My YA Disconnect- The Future when you have Depression

CW warning: discussion of Suicidal Depression (I'm fine now), mentions of abuse and sexual assault, and a gross allusion to STDs.

Admittedly, I'm a millennial, so there's a small disconnect with Z already, but there's something that's been prevalent in YA forever that I haven't understood: Gotta go to , here is my life planned out from Freshman Year.

  1. While we won't talk about the part of my depression that led to my failure in school the first time, I wasn't allowed to go anywhere big. I lived in a town of less than 20K. The idea of “gangs” was prevalent. A “big city” in the state was well-known for its gangs that I'm pretty sure it doesn't have. The day I graduated high school, my mom told me how to use keys to stab someone, which did wonders for my anxiety let me tell you. I was allowed to go several hours from my hometown, maximum, which really sucked because it prevented me from going somewhere with competent mental health, and from escaping my mother.

  2. Even if that hadn't been in place, I don't think the idea of going to Yale or UCLA or whatever was on the table. In these books, you have someone who took the SATs (never the ACTs) and scored a bajillion, and is also volunteering to look good for admissions. I was too depressed to volunteer. To be honest, I passed several of my classes because professors didn't want to see me again (which they told me) or because they knew something was wrong with me and I just needed some help. I am not condemning their decision, because I know that staying another year would have been horrible for my mental health and probably lead to another, different breakdown. It's not like my grades were bad, they were three point something, the main thing dragging it down was one bad semester, which my school also didn't teach me that you can explain that away. Schools fucking love stories of “overcoming” your depression. I know, because I got accepted to a different school because of a letter about that.

I guess you could say my school let me down, but here's where I pull back the curtain. I was in a certain state that is always 49th or 50th in paying teachers. Every teacher was either married or living with their parents.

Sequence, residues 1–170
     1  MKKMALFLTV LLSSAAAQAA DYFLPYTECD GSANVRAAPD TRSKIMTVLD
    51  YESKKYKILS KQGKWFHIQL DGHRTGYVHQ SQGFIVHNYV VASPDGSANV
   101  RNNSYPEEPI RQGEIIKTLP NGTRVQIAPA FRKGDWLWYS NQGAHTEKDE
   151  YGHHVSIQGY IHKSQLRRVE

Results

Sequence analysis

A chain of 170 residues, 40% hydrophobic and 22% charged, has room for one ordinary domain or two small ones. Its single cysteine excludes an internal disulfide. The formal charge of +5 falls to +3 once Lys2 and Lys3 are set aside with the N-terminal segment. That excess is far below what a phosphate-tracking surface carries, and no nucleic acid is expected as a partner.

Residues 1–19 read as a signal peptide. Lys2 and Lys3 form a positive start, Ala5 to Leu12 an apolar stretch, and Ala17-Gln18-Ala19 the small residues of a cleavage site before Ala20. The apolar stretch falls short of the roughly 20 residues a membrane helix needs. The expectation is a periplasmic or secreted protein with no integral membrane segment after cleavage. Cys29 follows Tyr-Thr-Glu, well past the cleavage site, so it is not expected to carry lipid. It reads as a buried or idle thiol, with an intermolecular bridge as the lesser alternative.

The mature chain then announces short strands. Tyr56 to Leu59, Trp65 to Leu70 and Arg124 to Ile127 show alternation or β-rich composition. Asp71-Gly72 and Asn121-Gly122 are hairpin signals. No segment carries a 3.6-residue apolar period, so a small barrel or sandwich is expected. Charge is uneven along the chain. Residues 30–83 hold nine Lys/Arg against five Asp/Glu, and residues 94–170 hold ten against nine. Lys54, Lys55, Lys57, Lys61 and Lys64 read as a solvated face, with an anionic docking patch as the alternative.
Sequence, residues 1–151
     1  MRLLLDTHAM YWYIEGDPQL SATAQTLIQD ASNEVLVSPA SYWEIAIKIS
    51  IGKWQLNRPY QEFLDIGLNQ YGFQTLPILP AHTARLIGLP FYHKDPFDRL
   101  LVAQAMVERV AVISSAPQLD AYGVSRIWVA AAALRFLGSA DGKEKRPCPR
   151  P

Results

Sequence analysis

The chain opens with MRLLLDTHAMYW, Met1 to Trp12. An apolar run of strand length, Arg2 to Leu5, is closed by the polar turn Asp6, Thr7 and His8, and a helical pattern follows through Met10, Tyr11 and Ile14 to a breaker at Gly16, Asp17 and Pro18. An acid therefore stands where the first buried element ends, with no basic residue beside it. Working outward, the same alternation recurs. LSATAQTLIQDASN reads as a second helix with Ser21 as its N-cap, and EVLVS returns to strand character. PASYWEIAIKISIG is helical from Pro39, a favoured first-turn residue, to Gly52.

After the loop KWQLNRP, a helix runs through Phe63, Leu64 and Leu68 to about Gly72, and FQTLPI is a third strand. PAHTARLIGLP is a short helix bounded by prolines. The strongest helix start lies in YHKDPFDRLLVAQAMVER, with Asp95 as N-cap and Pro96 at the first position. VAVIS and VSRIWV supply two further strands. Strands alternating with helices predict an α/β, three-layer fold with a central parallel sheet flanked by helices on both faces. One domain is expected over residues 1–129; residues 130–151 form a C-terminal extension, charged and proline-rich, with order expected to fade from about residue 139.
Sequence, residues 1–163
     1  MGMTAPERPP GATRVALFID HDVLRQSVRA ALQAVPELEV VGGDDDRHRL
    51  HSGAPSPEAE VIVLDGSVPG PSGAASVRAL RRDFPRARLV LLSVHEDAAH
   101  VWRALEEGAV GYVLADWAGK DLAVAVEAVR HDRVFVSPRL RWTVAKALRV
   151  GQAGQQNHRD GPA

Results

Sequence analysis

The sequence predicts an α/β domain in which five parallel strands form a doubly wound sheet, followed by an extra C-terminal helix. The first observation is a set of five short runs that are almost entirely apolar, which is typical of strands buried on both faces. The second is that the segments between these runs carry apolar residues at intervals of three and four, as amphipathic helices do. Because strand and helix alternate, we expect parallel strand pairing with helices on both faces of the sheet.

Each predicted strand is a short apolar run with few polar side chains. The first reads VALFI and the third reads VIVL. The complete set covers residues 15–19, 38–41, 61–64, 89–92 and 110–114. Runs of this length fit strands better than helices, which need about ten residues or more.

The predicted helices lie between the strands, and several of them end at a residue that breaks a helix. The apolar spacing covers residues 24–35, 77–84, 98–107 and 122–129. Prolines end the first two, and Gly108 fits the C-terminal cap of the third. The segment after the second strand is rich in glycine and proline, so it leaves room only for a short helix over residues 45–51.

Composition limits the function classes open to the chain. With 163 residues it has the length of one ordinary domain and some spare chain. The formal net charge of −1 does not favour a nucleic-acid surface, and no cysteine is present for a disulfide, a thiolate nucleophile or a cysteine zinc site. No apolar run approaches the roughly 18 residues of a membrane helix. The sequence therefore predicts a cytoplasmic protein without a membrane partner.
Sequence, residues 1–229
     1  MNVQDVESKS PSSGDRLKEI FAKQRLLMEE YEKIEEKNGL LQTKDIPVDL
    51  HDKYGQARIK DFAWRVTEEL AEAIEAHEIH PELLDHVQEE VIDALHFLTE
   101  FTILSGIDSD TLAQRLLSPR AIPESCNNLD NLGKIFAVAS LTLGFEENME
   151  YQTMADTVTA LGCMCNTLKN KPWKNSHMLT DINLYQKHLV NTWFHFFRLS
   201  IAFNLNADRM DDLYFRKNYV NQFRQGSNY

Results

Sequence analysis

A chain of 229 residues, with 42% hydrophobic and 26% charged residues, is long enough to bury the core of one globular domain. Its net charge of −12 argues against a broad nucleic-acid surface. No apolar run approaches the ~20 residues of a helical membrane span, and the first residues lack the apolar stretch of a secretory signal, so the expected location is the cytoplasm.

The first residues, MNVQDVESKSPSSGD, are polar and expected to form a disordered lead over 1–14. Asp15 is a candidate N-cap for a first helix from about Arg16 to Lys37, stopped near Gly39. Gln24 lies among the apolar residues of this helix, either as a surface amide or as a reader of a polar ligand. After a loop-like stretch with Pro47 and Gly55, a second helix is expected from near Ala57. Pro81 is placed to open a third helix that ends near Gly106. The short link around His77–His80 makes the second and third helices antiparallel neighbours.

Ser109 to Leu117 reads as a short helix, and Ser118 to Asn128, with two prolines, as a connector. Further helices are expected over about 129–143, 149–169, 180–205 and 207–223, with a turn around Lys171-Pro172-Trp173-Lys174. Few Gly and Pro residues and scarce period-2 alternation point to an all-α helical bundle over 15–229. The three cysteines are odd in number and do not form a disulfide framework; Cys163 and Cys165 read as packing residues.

Not all of it was school's fault, but enough of it was. I was suicidal because I was being emotionally abused and neglected (the abuse came from teachers, too), and dealing with being raped at 12 (not that my family knew about that. How could I tell them? Our sex ed did not have a section on bad touching. Ever. Just “don't masturbate” and “here's pictures of blue waffles”), and while I was getting mental health help, it didn't help because A. I wasn't diagnosed with Aspergers until several years later, which if I had had the diagnosis would have helped LOADS. B. I couldn't talk about my trauma because I was afraid my therapist would tell my mom. (I have no idea if she would be obligated with the rape, but I have a lot of experience of people tattling about my problems and making things worse. C. I didn't realize I was queer. Definitely not a good time to realize it, though I don't think my mom would have kicked me out, but I didn't go to prom because I didn't want to go with a boy (I'm doubtful I could afford prom anyway) and our school specifically forbid same-gender couples from attending.

At this point you might be going “I thought this was about a disconnect in YA, not bitching about your life”, and that's fair.

My point is, is that teens are depressed all the time, and while they don't have to reach my level of depression with the ECTs, I wish that they touched on teen depression more. How hard it is to think of the future when you can barely conceive living until graduation. When I see YA books dealing with Depression, (if it's discussed well) I love them.

I feel they're necessary. A writing teacher in college discussed writing characters with mental illness, specifically not to, because of being able to achieve your goals. It may have been disabilities in general, but if I recall, it was specifically mental illness. I get that it's a writing class targeted at newish people, but that's just wrong. After that, it became my goal to write characters with mental illness and/or neurodivergence, because we need the representation. Just because I couldn't go to Harvard doesn't mean I can't be a “productive member of society”.

I'm sure they're hard to read, but if you have any YA dealing with this depression and/or neurodivergence, please @ me on booktoot with recommendations.